Alcohol and identity building

Throughout their development, individuals learn by analyzing the behavior of others and learning from their experiences, or by trying things out for themselves. Young people are no exception to this rule. In adolescence, they seek to know themselves and find their place in society. To do so, they explore, experiment, test their limits and often try to defy the forbidden, sometimes taking ill-considered risks. It's obvious that most young people will try alcoholic beverages at some point. Some will decide to give it up, others will use it in moderation, others will find it a way of easing their tensions or will take refuge in it or drink it excessively on special occasions, or on a daily basis. Each of these behaviors will be associated with a social stereotype, ranging from the image of the "bon vivant", to that of the notorious alcoholic, to that of the responsible person, to that of the heavy drinker.. 

In fact, individuals build their identity by confronting the norms and values shared by their family, peers and society. Sometimes they conform to them, sometimes they oppose them. For teenagers, drinking alcohol can be a way of expressing their opposition to adult authority and acquiring autonomy, or a way of asserting their identity, originality or, on the contrary, their similarity, their adherence to certain values or even their membership of a particular group.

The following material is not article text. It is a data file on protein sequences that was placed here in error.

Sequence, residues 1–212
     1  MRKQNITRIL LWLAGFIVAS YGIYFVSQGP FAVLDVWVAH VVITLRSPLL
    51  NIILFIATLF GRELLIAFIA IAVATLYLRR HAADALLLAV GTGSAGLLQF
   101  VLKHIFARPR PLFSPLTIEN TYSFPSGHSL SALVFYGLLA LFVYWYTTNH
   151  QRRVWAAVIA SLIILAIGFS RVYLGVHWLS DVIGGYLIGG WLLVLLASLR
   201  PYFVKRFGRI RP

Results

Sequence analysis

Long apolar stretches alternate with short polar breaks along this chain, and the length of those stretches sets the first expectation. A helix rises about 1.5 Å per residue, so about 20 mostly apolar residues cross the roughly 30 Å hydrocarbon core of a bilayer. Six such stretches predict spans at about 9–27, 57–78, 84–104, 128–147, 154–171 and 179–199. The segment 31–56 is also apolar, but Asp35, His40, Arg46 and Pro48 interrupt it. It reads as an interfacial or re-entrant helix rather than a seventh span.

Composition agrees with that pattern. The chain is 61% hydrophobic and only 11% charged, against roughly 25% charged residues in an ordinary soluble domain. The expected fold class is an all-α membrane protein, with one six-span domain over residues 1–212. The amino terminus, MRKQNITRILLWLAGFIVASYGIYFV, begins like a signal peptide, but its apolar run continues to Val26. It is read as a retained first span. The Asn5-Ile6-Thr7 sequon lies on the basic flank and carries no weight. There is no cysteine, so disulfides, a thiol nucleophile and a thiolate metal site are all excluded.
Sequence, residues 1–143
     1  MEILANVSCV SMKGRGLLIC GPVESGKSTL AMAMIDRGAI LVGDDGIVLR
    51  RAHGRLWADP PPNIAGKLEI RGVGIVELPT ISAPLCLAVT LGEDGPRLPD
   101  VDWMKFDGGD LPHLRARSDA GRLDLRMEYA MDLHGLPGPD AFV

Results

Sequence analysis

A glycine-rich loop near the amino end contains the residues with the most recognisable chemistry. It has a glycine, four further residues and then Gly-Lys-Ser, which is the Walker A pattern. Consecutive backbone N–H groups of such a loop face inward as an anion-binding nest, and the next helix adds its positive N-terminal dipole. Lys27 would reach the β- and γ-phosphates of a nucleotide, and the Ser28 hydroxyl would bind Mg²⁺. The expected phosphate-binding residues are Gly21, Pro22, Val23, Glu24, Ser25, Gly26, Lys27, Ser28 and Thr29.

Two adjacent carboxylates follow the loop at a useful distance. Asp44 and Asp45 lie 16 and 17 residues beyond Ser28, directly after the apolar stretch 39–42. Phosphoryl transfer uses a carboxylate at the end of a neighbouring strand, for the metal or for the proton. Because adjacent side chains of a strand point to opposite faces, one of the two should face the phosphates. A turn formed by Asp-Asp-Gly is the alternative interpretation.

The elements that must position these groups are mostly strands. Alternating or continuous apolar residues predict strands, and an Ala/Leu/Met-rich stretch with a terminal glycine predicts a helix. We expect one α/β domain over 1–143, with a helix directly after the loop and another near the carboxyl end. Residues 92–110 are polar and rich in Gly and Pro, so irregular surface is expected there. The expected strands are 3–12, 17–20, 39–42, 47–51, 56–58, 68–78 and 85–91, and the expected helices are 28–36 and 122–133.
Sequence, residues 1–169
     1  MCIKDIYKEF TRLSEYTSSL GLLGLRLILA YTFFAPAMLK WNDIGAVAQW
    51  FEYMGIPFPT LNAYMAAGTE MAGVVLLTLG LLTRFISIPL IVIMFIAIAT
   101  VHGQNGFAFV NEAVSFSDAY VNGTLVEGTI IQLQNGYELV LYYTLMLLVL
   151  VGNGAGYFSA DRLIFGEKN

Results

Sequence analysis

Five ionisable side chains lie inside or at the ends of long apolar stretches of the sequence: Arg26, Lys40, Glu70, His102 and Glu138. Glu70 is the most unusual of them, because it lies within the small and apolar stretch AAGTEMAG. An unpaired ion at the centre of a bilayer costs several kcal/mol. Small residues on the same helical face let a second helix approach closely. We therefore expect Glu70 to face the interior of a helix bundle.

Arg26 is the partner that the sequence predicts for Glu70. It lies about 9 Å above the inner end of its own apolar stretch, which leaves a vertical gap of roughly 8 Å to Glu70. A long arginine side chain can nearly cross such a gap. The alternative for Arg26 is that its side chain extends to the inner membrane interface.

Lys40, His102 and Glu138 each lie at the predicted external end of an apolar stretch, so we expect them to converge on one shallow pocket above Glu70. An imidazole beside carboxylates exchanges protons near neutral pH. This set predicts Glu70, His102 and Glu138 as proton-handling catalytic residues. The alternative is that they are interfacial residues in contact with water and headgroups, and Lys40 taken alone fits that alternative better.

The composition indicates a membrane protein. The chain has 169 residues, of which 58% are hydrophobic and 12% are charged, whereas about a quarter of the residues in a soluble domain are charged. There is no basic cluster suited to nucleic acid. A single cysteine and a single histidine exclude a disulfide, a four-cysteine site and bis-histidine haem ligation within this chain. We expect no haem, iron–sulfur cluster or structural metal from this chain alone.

Finally, the consumption of alcoholic beverages can symbolize a step towards maturity. After that, it will often be associated with relaxation and fun, two values widely emphasized by our society, particularly through advertising.

updated on 4/27/24

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